It’s been a monumental year for Crispr, the molecular tool scientists use to edit genetic material. This November, the United Kingdom authorized the first medical treatment using Crispr gene editing, giving people with sickle cell disease new opportunities to receive a one-time therapy to prevent episodes of terrible pain. This week, the US Food and Drug Administration is poised to make a decision about the therapy. What was once seen as a moonshot is already changing lives.
Right now, though, it’s still a rarefied treatment. “It’s expensive,” Jennifer Doudna, the pioneering biochemist who won a Nobel Prize in 2020 for her work on Crispr, told WIRED’s Emily Mullin at the LiveWIRED conference this week in San Francisco. The therapy is expected to be priced at over a million dollars a patient, which could make it inaccessible to many of the people who need it most.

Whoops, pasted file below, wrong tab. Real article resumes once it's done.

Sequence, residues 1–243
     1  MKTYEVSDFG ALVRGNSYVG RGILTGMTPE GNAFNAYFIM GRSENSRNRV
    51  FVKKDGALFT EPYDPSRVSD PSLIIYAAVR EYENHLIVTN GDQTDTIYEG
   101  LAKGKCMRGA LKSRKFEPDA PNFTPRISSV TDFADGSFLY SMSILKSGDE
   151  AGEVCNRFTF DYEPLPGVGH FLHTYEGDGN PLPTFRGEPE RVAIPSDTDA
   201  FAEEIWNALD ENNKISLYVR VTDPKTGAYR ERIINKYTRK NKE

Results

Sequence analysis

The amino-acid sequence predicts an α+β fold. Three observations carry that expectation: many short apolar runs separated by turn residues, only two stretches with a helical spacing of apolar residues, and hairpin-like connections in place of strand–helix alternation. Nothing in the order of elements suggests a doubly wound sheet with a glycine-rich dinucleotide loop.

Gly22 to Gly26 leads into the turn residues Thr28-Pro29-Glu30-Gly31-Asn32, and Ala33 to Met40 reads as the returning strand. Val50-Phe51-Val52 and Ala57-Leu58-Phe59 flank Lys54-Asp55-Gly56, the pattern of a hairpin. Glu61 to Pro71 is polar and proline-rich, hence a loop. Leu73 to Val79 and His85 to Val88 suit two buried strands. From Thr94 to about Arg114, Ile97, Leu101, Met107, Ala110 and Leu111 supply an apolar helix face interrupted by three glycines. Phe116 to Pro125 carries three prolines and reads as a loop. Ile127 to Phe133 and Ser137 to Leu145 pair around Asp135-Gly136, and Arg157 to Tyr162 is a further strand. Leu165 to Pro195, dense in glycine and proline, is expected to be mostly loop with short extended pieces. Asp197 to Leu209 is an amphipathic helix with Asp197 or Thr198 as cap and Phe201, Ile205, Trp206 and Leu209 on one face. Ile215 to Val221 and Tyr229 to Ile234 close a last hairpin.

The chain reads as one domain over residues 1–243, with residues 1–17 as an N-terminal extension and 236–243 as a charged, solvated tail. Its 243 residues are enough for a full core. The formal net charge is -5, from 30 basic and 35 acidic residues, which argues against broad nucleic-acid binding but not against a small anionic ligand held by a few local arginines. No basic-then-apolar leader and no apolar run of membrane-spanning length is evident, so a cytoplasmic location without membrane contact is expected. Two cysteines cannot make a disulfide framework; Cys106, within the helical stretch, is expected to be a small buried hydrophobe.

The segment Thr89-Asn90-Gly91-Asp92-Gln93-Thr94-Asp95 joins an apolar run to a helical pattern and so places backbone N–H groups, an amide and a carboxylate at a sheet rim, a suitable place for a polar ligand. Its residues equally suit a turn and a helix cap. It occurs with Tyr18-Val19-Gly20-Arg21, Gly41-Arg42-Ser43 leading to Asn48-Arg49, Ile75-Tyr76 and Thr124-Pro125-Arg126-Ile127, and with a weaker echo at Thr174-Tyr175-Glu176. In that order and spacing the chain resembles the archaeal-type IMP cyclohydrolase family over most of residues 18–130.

It’s also a complicated process. Patients have stem cells taken from their bodies, edited in laboratory settings, and then put back in. Doudna is optimistic for a future where Crispr-based treatments are far less invasive than they are now. “Maybe even a pill at some point,” she says. “Today that sounds a little bit fantastical, but I think it’s very achievable.”
In 2014, Doudna founded the Innovative Genomics Institute to apply Crispr technology to health care questions. Doudna hopes that the IGI’s research can also help make these technologies more affordable and accessible; she’s also very interested in how Crispr might be used to fine-tune the microbiome.